Spokane Journal of Business

Meet & Greet with HSSA’s Erin Williams Hueter


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At the start of the year, Erin Williams Hueter began her duties as the new executive director of the Health Sciences and Services Authority of Spokane County, taking over for the organization’s founding director, Susan Ashe.

HSSA was established in 2007 to provide funds to the life and health sciences research industry to help discover and advance new methods to combat diseases and promote public health in Spokane. Since its founding, it has helped create over 500 jobs and $100 million in economic activity, according to the organization’s website. The organization is funded through a Spokane County sales tax levy of 0.02%. Its operating budget for 2023 is $2.9 million. Hueter is its sole employee.

A lifelong Spokanite, Hueter, 46, has more than 20 years of experience in social work through her employment and leadership at Spokane-based Lutheran Community Services Northwest, a nonprofit that collaborates with community partners to offer social services. She holds a bachelor’s degree in social work from Pacific University, a liberal arts college in Forest Grove, Oregon.

The Journal recently caught up with Hueter to discuss the work of HSSA and what she hopes to bring to the organization during her tenure.


What prompted you to want to switch industries from a career in social work to health sciences?

I worked at Lutheran Community Services Northwest for almost 22 years, and I love the work there, the people, and the mission. The more I got engaged in leadership opportunities at Lutheran, the more I started to meet all kinds of different professionals, and it opened up my view of the different ways people make an impact and difference in the community. 

I participated in Leadership Spokane during the all-remote pandemic year in 2021 and discovered that there are all kinds of people from other fields who care about people and want to make Spokane great. That has been my motivation all along—making Spokane the very best place it can be.

When I learned that Susan Ashe was retiring, it just seemed like such an incredible opportunity not only to be involved in the work of someone I admire, but also to challenge myself to learn something new—to be a newbie again. As a social worker, I like to meet new people and learn what’s important to them and how to help them. That is a lot of what this job is, helping people figure out how we can help them be successful.


What challenges do you anticipate?

When I was preparing for my interview, I was really inspired to see all the work that HSSA has been a part of—helping grow the University District and helping bring health sciences schools to this area. Having an incredible founding executive director retire is a big transition for the organization and a chance to look at things through a new lens.

I’m still in that assessment phase. I want to get to know our entrepreneur community, particularly in the life sciences. I want to speak with the leaders, CEOs, and the founders of organizations that HSSA has funded thus far and find out how they came to Spokane, how they came to HSSA, and how it’s been helpful and how it can do more.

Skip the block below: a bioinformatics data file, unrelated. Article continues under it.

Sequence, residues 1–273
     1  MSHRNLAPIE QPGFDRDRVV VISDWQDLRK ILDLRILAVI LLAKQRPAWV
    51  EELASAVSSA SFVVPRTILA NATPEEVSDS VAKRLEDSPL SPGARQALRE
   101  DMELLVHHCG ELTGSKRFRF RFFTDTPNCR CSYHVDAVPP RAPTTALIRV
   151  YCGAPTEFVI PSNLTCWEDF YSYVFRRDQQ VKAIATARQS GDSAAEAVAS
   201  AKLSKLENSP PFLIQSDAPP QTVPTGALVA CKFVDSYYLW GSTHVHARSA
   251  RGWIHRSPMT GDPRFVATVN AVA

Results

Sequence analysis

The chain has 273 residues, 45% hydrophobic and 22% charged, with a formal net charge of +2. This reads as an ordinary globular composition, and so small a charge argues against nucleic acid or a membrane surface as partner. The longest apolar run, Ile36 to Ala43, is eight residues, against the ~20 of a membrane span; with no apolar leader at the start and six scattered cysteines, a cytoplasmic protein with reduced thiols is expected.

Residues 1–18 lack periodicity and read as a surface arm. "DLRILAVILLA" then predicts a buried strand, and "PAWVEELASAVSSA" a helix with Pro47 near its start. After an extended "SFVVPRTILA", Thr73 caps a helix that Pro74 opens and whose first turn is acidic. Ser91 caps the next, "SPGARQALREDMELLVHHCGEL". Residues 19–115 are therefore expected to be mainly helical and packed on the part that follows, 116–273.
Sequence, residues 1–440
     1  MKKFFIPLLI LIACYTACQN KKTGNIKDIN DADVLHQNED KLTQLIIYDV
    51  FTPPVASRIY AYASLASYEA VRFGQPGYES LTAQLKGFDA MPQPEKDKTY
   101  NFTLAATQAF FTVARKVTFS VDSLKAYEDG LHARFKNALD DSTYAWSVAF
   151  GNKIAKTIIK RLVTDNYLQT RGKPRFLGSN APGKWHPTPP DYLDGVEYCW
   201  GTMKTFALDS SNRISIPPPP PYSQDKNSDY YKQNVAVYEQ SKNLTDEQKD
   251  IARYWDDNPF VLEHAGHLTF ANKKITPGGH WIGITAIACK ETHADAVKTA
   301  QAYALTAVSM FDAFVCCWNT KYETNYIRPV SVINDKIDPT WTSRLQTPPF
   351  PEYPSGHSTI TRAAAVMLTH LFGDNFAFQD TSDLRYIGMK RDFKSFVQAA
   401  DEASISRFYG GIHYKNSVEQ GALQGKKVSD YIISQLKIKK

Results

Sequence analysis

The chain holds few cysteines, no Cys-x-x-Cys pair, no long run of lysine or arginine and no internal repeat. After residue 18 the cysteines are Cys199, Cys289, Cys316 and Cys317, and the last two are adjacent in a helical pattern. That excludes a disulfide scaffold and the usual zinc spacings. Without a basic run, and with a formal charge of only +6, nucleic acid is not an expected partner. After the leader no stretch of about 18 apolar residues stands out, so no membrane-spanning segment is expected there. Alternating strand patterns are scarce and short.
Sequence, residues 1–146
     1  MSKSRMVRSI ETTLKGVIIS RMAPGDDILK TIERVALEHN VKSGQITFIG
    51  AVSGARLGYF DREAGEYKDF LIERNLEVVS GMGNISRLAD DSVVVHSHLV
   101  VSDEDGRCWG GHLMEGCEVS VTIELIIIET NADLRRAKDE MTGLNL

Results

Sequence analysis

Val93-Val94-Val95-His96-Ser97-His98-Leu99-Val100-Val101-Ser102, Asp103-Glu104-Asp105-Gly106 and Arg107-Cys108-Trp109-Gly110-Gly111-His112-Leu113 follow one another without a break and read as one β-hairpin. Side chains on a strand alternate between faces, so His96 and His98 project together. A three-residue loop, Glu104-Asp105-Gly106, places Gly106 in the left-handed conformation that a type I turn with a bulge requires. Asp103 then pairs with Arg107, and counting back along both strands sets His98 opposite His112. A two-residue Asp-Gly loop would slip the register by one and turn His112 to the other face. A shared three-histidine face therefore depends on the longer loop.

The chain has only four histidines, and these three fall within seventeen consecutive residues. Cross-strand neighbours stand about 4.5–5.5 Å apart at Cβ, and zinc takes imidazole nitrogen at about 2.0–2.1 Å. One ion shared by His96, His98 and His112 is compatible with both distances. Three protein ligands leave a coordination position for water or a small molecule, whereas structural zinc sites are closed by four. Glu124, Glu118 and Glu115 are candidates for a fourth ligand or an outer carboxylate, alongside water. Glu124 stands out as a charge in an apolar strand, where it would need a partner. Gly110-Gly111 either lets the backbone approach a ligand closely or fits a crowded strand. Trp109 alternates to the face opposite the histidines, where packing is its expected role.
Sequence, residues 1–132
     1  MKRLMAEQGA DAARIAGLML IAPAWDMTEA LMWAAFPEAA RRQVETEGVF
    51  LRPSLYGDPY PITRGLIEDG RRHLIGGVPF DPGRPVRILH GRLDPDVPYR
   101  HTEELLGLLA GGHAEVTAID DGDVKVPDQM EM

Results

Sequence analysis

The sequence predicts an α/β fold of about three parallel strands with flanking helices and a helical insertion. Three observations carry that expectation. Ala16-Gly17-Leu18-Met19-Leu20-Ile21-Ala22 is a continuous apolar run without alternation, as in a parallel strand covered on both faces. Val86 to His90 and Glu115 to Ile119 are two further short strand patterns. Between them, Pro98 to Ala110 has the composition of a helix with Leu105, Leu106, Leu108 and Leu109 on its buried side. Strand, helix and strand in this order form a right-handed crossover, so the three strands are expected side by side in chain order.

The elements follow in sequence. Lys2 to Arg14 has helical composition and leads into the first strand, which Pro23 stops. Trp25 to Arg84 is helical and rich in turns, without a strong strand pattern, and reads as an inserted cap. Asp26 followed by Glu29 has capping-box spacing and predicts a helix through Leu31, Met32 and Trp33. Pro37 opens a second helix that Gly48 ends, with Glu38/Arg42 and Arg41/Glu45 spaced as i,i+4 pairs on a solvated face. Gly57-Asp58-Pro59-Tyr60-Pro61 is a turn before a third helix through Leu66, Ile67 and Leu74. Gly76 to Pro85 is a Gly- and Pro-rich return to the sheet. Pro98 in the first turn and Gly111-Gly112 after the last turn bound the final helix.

Can you speak of the impact of HSSA?

Spokane, because of its size, its makeup of community, and strong health care and university systems, is uniquely poised to help grow our economic system through life sciences. There is such a wonderful opportunity for higher paying jobs at every skill level, from manufacturing to CEO and everywhere in between. I look at my own family and young adult children and how they are entering the workforce. It’s exciting to see there might be some life-changing opportunities if we invest more in life sciences and the differences they can make in the economy by both retaining people here and attracting people to Spokane. I am also getting to know the access-to-care programs that HSSA has funded in the past. I’m meeting board members and stakeholders and finding out what can be.

The first phase is to prepare a new strategic plan. HSSA had a very ambitious strategic plan when it was founded, and it has adapted it over time, but I think it’s time to take a second look at it and think about what our goals are going to be for this next phase. Greater Spokane Incorporated is funding a life-sciences ecosystem study in the region. It will be interesting to get information from that and learn about what assets the community has for life sciences and what the areas to grow are.


How do you plan to continue Susan Ashe’s legacy?

Susan has a ton of ongoing work that will continue. The life-sciences ecosystem study is something she worked closely with a lot of industry associations and boards. I hope to keep her work alive and the work of our past board members alive, as well as all our funded projects.

I just want to mention how impressive Susan’s legacy is and all the work that she has done. It’s exciting to be a part of that. It’s important to protect her legacy and all the work that she did. It is wonderful. 

I’ll have to do it differently, because I am a different person bringing a different set of skills to the table. But I do love to bring people together, and I’m excited for the future. I can’t wait to see what we can do with a different perspective.


This interview has been edited for length and clarity.

Karina Elias
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Reporter Karina Elias covers the banking and finance industry. A California native, she attended the University of California at Santa Barbara. Karina loves salsa dancing, traveling, baking, cuddling with her dog, and writing creative fiction and non-fiction.  

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